Mocking in a mock-shell (oops... nut-shell)

Mocking is a term used to describe a wide array of types, which is inaccurate.

Well, now that everyone uses it as a general term, I assume it is ok to have one word to rule them all, but still, just for the sake of accuracy I will post here a short explanation.

When doing mocking today, we usually use a mocking framework eg: Mockito etc...

This framework allows the developer to mock an object for testing (or any other) purposes.

Why mock ?

Why will we want to mock an object instead of using the original one ?
Maybe the original one is very complex
Maybe the original one demands resources we don't want to mess with
Maybe using the original one can have a restriction on our code
Other things...

So we want to use mocks.

What can we do with them ?

Sometimes we want to construct an object which needs an other object in it's constructor's argument list, we will just mock that argument and send it to the constructor - quick and easy.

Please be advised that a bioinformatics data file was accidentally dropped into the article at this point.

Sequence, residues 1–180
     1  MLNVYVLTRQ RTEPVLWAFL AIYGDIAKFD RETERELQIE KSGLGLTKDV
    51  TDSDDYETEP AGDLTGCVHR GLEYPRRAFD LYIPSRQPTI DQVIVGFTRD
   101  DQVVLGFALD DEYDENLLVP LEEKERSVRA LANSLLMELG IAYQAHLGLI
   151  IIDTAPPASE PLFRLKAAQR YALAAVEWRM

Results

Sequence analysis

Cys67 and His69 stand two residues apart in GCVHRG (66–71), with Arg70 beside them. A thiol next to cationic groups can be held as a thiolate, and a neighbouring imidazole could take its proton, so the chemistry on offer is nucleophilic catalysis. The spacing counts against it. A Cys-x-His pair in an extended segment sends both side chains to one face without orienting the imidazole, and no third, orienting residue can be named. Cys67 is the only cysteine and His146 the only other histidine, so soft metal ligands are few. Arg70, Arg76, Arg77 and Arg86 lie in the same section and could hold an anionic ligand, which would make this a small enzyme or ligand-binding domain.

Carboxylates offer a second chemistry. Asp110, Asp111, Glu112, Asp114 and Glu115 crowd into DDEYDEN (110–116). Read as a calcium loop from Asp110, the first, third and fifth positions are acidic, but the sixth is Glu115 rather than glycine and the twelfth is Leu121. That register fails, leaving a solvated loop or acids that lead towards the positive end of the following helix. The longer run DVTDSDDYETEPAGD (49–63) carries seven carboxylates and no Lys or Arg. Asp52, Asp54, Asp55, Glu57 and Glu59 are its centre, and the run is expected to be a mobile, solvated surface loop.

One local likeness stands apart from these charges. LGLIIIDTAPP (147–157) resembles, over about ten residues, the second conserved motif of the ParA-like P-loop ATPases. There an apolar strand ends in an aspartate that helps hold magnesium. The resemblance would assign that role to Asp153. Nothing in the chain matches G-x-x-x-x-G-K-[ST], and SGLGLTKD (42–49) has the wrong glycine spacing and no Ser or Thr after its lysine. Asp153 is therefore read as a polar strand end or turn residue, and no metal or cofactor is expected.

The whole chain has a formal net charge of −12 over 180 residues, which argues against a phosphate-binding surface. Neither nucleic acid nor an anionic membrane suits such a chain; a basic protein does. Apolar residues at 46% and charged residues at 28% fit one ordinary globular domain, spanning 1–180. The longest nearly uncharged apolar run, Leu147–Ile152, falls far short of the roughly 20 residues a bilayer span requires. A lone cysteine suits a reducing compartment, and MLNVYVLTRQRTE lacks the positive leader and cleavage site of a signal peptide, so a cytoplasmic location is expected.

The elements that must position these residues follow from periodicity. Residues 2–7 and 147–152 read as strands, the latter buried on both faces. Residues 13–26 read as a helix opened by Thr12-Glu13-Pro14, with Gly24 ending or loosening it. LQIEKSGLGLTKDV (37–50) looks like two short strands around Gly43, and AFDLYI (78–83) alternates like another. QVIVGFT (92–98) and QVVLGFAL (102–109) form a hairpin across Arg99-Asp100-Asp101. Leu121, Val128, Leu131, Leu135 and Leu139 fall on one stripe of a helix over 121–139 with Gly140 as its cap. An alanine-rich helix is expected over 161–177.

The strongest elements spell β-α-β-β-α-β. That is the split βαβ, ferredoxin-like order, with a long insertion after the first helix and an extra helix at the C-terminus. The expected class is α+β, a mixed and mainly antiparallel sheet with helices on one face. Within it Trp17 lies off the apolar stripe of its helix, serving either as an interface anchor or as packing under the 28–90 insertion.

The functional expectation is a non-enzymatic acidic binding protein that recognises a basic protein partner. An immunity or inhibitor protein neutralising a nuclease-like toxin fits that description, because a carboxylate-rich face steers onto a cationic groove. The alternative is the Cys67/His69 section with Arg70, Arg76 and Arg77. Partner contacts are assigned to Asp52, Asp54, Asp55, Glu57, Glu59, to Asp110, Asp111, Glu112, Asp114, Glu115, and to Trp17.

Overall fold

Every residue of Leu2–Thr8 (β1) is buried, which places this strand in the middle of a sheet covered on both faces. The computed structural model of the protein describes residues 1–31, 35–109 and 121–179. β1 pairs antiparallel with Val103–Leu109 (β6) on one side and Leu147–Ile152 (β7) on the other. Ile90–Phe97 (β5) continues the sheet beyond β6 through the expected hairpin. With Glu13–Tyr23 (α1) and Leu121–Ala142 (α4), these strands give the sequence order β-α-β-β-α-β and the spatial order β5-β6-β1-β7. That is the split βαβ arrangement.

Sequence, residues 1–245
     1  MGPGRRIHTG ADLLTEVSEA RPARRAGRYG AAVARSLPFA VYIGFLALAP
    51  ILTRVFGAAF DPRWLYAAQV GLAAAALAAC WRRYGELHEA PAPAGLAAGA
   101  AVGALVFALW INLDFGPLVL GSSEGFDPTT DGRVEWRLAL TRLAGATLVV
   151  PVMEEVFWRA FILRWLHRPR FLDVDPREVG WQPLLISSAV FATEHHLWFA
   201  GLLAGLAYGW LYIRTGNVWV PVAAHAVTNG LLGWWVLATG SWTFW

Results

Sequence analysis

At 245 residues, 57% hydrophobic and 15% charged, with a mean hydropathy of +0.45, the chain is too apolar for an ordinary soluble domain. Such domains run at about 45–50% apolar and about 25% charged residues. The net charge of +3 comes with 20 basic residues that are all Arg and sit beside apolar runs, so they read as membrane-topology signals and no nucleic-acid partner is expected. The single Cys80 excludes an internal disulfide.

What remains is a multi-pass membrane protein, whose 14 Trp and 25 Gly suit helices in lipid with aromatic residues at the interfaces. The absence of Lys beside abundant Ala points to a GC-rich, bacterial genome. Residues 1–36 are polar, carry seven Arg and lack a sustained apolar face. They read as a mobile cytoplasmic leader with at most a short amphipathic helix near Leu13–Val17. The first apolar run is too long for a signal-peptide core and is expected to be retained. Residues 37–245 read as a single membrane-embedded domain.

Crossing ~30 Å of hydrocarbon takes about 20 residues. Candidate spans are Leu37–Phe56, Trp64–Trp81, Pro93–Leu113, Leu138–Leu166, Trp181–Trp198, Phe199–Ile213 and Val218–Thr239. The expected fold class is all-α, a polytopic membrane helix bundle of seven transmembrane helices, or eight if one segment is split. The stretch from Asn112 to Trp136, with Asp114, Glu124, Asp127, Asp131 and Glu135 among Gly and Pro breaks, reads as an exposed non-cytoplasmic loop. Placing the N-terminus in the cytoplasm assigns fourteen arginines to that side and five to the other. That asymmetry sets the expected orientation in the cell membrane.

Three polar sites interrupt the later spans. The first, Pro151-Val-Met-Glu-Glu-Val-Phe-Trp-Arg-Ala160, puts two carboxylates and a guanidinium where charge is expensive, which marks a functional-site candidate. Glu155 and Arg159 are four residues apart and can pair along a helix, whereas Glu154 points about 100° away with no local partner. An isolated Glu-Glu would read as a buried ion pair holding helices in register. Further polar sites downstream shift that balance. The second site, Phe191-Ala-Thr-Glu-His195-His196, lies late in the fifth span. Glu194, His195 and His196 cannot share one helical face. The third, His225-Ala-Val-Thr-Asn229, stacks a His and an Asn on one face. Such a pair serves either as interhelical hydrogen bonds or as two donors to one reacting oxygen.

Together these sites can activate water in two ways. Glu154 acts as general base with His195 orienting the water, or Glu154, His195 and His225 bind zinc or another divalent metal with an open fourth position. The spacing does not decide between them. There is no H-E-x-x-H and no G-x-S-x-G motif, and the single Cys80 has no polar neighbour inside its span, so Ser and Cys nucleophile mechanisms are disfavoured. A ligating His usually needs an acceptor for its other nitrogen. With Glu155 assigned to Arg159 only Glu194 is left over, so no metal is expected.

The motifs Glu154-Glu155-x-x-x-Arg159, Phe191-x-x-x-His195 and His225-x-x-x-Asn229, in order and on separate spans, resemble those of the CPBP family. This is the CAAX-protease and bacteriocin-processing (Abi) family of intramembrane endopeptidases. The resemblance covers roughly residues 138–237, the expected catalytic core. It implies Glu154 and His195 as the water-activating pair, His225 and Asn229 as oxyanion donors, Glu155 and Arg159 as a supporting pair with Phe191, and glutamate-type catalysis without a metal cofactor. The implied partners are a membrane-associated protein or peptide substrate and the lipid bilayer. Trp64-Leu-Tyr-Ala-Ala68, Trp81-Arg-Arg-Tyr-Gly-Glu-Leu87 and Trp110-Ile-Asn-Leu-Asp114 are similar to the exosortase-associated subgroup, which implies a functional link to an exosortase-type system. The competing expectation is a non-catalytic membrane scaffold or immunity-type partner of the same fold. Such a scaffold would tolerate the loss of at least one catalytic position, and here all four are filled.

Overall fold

Sometimes we want to mock an object and make sure that everytime someone calls a certain method in this object a specific resposnse will be returned (stub)

And for testing purposes we might want to spy on an object in order to see which of it's methods was called (and how many times) (spy)

After the above introduction, I will just say that mocks are generally described as test doubles.

And just to make things a little more accurate I will define the following subsets of mock:


Dummy (mock): A test double with no use at all except being of a specific type - usually used to send as an argument.

Stub (mock): A test double which returns a specific response when someone will call a specific method of it.

Spy (mock): A test double with a counter mechanism which can be verified to tell the user how many time a specific method was called.

Just to clarify: 

Today when using a Mocking framework, we will create a mock for any of the above three types of a mock, so sometimes we will mock an object for it to be a dummy, sometimes we will mock an object in order to stub it, and sometimes we will mock an object in order to verify how many times a specific method was called (and sometimes for all three targets) - in any one of those cases the creation of the mock object will be the same, and although the object will be called a "mock" it will might have a different purpose each time.

I am adding here a link to the best article about mocking I could find - "The little mocker" by Uncle-bob


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